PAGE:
At school we were always encouraged to start our own projects to support local charities or organisations. This ranged from things like bake-sales with my girl scouts troop (under the guidance of the wonderful Karen Orteza) or Christmas Wish-Trees for the local Chinese orphanage, to creating my own mural about respect for other cultures and people, for my MYP personal project. The great thing about doing the personal project in the MYP and Creativity Action Service (CAS) in the DP was that we were always encouraged to take part in a wide range of activities and also find a way of combining them. This led to an ingrained understanding that doing good and having fun are not mutually exclusive. That’s how I feel about what I’m doing now, I love working with my family to grow a beautiful company, and at the same time we have the potential to make a real difference in the world.

What advice would you give to current DP students?

When I finished school I didn’t understand that I would spend far longer developing myself and my career than the years that I’d lived to that point. There is a lot of pressure to leave school and decide what to study or what work path to follow. But those choices are not permanent. I went on to study fashion design, makeup, hair dressing and many short courses along the way that all led to working in the film industry. This led to my role as a film producer, which led me back to my family business, making smokeless stoves to save the world. I would advise current DP students that they will continue to make decisions throughout their life that will shape their path ahead; they decide which way it turns.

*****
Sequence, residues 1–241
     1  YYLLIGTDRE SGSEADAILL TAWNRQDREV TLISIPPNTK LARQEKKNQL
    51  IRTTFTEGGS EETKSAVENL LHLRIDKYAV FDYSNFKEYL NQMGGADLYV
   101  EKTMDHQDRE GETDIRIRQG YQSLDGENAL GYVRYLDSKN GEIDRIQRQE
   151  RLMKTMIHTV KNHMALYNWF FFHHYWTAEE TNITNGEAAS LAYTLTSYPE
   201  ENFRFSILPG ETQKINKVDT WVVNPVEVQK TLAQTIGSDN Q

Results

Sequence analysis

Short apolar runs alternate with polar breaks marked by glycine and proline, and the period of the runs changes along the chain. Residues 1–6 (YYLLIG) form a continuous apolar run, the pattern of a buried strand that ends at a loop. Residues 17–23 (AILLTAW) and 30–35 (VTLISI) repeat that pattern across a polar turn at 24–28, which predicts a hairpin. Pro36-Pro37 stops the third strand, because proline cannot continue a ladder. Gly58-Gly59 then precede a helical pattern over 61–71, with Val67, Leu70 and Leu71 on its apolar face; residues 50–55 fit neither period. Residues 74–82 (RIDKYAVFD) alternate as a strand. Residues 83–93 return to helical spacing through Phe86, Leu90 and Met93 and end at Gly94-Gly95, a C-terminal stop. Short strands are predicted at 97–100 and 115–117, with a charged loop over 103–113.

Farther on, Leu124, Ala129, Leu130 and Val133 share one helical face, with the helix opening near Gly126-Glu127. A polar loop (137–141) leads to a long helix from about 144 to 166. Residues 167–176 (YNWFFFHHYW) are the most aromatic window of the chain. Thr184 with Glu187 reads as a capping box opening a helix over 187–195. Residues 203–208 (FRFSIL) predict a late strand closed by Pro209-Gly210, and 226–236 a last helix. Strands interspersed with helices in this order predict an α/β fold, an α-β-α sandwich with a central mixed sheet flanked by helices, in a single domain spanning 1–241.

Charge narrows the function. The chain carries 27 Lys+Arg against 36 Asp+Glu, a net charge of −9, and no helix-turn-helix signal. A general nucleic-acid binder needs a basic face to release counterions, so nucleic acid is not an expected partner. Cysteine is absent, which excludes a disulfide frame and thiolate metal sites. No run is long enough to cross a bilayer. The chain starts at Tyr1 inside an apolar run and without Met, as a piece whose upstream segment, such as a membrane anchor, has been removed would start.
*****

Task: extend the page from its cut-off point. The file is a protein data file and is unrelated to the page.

Also I want to remind them that they can be very successful in life by being socially and environmentally ethical, every step of the way. We live in a world that idolises the rich and famous, but it’s important that students know that they can do well and be a success without compromising on ethics and social responsibility. My brother said it best, “Doing well by doing good.”

The confidence and independence that the IB imprinted on me is what has kept me strong in believing that nothing is impossible; you can set out to do anything and end up anywhere. We are encouraged to grow into compassionate people. The world is a very small place to me, the multi-cultural environment of all my schools enabled me to relate and explore both local problems and global issues.

Colourful-StovesAside from being a family business, why is African Clean Energy so important to you?

I have been learning about the scale of impact our product, the ACE 1 Ultra Clean Biomass Stove, can have on the world and the people in it. The question is, “Why isn’t this issue more important to everyone?” The fact that so many people die from kitchen smoke inhalation is truly shocking and I haven’t even started talking here about the environmental impact of current open fire cooking methods. It’s sometimes easy to forget that we all live on the same planet. We all have a finite amount of space, resources and air to share between us. I have been given the most amazing opportunity to make a difference, and I get to do it together with my family. What could be better than that?

You can learn more about African Clean Energy and support their project at